The defense presented two psychiatrists who testified in detail to Killelea's background and the effect on his mental state of certain significant events, the heart attack in particular. Killelea regressed, according to the psychiatrists, from a state of fear and anxiety to a state of psychosis.
The psychiatrists further testified to the effect on Killelea of a speech by the Governor on December 7, 1973, concerning the gasoline shortage, and the sight of the soldiers and artillery near the court house on the morning of December 8, 1973. There was expert testimony that Killelea's actions on December 8, before the killing, were consistent with the vigilance and suspicion of a person in a paranoid state.
Both experts were of opinion that Killelea was not criminally responsibile for the crimes within the meaning of Commonwealth v. McHoul, 352 Mass. 544 (1967).
To rebut the defense experts, the Commonwealth called
a psychiatrist who had examined Killelea on December 10, 1973, at the Municipal Court of the Dorchester District. This witness testified that at that time he was unable to make a diagnosis of mental illness, but that, based on certain information supplied by Killelea's family, he had recommended that Killelea be examined further at a psychiatric facility. The expert was of opinion that on December 8, 1973, Killelea was not suffering from paranoia, and stated that his own interest and work in psychopharmacology led him to be concerned that the combination of drugs ingested by Killelea "may have had something to do with the action that took place [on that date]." He further testified that the consumption of alcohol has been known to cause increased hostility in some individuals, and that the most frequent side effect of the use of marihuana is an increase in paranoia.
1. In his closing argument to the jury, the prosecutor made the following remarks: "The Commonwealth quite bluntly and simply says `This man killed Kevin Shea and he should be held criminally responsible for his act.' His defense is `Yes, yes, he killed him, but because of his mental state at the time of the crime, he should not be held criminally responsible. He should be set free.'"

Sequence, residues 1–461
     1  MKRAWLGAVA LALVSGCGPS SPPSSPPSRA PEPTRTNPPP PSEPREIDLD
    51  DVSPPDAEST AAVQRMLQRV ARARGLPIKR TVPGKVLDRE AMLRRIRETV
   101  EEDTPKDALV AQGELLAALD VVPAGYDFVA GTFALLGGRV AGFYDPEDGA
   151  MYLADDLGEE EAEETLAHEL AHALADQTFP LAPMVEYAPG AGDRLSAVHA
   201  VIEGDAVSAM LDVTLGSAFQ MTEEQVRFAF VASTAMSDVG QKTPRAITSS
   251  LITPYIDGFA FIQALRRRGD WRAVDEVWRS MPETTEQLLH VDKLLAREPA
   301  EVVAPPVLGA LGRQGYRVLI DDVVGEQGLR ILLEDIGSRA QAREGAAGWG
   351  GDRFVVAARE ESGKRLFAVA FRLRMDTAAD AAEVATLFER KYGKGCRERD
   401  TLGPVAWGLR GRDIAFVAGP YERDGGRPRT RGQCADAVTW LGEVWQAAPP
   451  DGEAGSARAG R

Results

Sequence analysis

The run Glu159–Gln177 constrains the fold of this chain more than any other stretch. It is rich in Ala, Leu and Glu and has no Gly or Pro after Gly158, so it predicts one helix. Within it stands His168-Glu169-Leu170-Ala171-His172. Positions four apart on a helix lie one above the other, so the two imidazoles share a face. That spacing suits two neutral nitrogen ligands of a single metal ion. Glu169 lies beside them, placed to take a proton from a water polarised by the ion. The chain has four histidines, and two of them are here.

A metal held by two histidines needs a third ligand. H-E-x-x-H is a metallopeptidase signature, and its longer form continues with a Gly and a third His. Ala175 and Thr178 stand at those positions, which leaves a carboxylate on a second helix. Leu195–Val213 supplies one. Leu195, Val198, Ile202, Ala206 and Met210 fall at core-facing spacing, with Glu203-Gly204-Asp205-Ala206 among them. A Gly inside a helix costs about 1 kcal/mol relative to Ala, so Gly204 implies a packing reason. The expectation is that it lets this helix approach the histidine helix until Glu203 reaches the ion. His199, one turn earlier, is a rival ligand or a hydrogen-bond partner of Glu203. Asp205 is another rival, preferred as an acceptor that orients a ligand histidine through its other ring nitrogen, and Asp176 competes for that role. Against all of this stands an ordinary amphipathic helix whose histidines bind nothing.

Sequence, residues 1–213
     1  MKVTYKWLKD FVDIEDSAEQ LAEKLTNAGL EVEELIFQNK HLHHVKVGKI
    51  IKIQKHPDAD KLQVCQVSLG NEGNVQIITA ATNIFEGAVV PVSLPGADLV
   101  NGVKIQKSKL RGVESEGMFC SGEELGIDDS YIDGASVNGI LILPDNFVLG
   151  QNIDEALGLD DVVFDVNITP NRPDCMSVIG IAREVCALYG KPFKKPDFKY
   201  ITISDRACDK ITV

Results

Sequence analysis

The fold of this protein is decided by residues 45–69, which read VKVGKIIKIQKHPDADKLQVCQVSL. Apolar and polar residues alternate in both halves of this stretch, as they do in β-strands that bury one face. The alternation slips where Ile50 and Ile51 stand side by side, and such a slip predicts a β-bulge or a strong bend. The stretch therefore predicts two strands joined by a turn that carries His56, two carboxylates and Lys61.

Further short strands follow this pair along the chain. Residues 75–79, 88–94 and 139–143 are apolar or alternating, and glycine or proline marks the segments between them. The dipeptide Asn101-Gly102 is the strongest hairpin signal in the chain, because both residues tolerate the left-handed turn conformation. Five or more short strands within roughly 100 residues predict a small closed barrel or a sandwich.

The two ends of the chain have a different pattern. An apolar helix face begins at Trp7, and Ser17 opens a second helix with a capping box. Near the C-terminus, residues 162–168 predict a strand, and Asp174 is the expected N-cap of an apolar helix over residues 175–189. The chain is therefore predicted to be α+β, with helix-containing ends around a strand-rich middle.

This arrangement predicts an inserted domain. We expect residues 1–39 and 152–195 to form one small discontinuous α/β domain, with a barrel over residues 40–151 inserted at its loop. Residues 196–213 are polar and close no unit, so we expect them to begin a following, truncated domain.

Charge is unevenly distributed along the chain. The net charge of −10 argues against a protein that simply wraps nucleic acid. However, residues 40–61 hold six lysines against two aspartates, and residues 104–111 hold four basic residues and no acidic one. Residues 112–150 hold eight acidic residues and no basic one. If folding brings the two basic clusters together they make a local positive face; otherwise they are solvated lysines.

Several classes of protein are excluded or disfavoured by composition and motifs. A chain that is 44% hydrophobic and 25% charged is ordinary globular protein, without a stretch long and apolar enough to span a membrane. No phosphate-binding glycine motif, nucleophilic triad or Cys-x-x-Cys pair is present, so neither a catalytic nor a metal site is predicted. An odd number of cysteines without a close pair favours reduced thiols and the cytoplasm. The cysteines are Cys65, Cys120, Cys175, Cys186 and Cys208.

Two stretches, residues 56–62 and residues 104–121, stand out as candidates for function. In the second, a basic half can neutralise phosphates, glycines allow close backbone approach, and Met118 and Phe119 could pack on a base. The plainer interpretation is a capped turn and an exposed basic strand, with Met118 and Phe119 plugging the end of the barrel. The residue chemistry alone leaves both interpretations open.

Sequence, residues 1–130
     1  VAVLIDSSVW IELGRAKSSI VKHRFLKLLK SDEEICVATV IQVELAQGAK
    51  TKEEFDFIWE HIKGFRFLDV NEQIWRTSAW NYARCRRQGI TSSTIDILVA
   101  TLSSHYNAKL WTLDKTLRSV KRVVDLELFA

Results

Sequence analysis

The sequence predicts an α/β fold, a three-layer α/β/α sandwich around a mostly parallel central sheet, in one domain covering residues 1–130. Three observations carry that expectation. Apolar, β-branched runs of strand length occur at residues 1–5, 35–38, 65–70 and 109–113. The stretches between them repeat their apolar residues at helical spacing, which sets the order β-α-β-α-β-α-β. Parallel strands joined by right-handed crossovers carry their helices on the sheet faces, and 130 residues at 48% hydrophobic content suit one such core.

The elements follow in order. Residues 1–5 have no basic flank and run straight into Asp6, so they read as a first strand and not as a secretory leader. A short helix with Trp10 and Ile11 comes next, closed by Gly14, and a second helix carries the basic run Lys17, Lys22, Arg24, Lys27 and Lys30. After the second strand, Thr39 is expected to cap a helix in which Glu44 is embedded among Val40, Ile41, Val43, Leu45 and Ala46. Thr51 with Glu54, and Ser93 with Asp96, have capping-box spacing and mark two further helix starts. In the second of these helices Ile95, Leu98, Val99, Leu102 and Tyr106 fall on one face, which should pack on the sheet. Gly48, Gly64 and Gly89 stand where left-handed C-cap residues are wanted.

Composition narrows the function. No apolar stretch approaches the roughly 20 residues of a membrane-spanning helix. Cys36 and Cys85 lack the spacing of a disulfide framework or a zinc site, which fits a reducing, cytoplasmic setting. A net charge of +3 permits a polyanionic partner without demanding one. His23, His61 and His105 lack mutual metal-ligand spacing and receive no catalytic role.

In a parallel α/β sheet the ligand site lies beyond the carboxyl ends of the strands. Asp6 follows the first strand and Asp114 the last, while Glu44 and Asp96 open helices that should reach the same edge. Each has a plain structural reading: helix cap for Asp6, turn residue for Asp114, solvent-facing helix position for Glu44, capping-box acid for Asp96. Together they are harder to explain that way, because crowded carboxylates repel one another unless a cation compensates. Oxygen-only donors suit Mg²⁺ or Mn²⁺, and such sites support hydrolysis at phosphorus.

". . . [L]et's look at the defense of insanity. What do we mean by insanity? The Judge will give you the law on insanity, give you the law as it's found in the McHoul case, and you will be bound by the law that he gives you. But, basically it says that because of a mental disease or defect, his state of mind at the time of the crime, that he should not be held criminally responsible and should be set free."
". . . [D]espite the fact that I submit to you you can look at every witness . . . in terms of the defense of this case and not find any evidence of insanity, that doesn't prevent . . . [the defense experts from] telling you this man's insane, he shouldn't be held criminally responsible, he ought to be set free."
"Well, . . . [look at] what happened to [Killelea] over the course of his treatment . . . [after the crime]. Within a day or two, the guy was wandering around the grounds [of
the psychiatric treatment facility]. Here's a man, who's committed a brutal murder, and if [the defense experts] feel he got paranoia, paranoia, [sic] they don't believe it, because they are not acting consistently. He's home, he's out on the street, he's with the public" (emphasis added).
Counsel for the defense, after the prosecutor had concluded his closing remarks, requested that the judge correct the allegedly improper references to setting the defendant free if he were found not guilty by reason of insanity, since such a verdict "does not mean that [the defendant] ought to be set free." The judge agreed to do so.
In his charge to the jury, however, the judge instructed as follows: "Now, the comments of counsel during the course of their openings and closings are not to be considered as evidence. . . . If any of the counsel gave you any indication as to what their view of the law was which is different from what I am giving you, what I say to you controls.
"The Assistant District Attorney may have indicated to you that if you found this defendant not guilty by reason of insanity, that he would walk the street. That is no consideration of yours, what happens to him if he's found guilty of murder in the first degree or not guilty by reason of insanity. That is of no consequence at all. . . . [I]t is not your consideration. Let the chips fall where they may."
When the judge had completed his charge, counsel for the defense renewed his request to the judge to correct the allegedly improper statements of the prosecutor. This request was denied by the judge and the defendant's exception was noted.
The defendant contends that the prosecutor's remarks were sufficiently prejudicial to his case to require reversal of his convictions and the granting of a new trial. He further argues that, even if it be assumed that the judge in his charge to the jury could have corrected the prejudice occasioned by these remarks, the judge's instructions here fell short of curing the prejudice and left the jury free to infer that an acquittal by reason of insanity would in fact result in the defendant's gaining his freedom.
We agree with these assertions for the reasons set forth infra. Consequently, we reverse the judgments and order a new trial at which the defendant, if he so requests, will be entitled to an instruction on the consequences of a verdict of not guilty by reason of insanity. Commonwealth v. Mutina, 366 Mass. 810 (1975). [Note 1]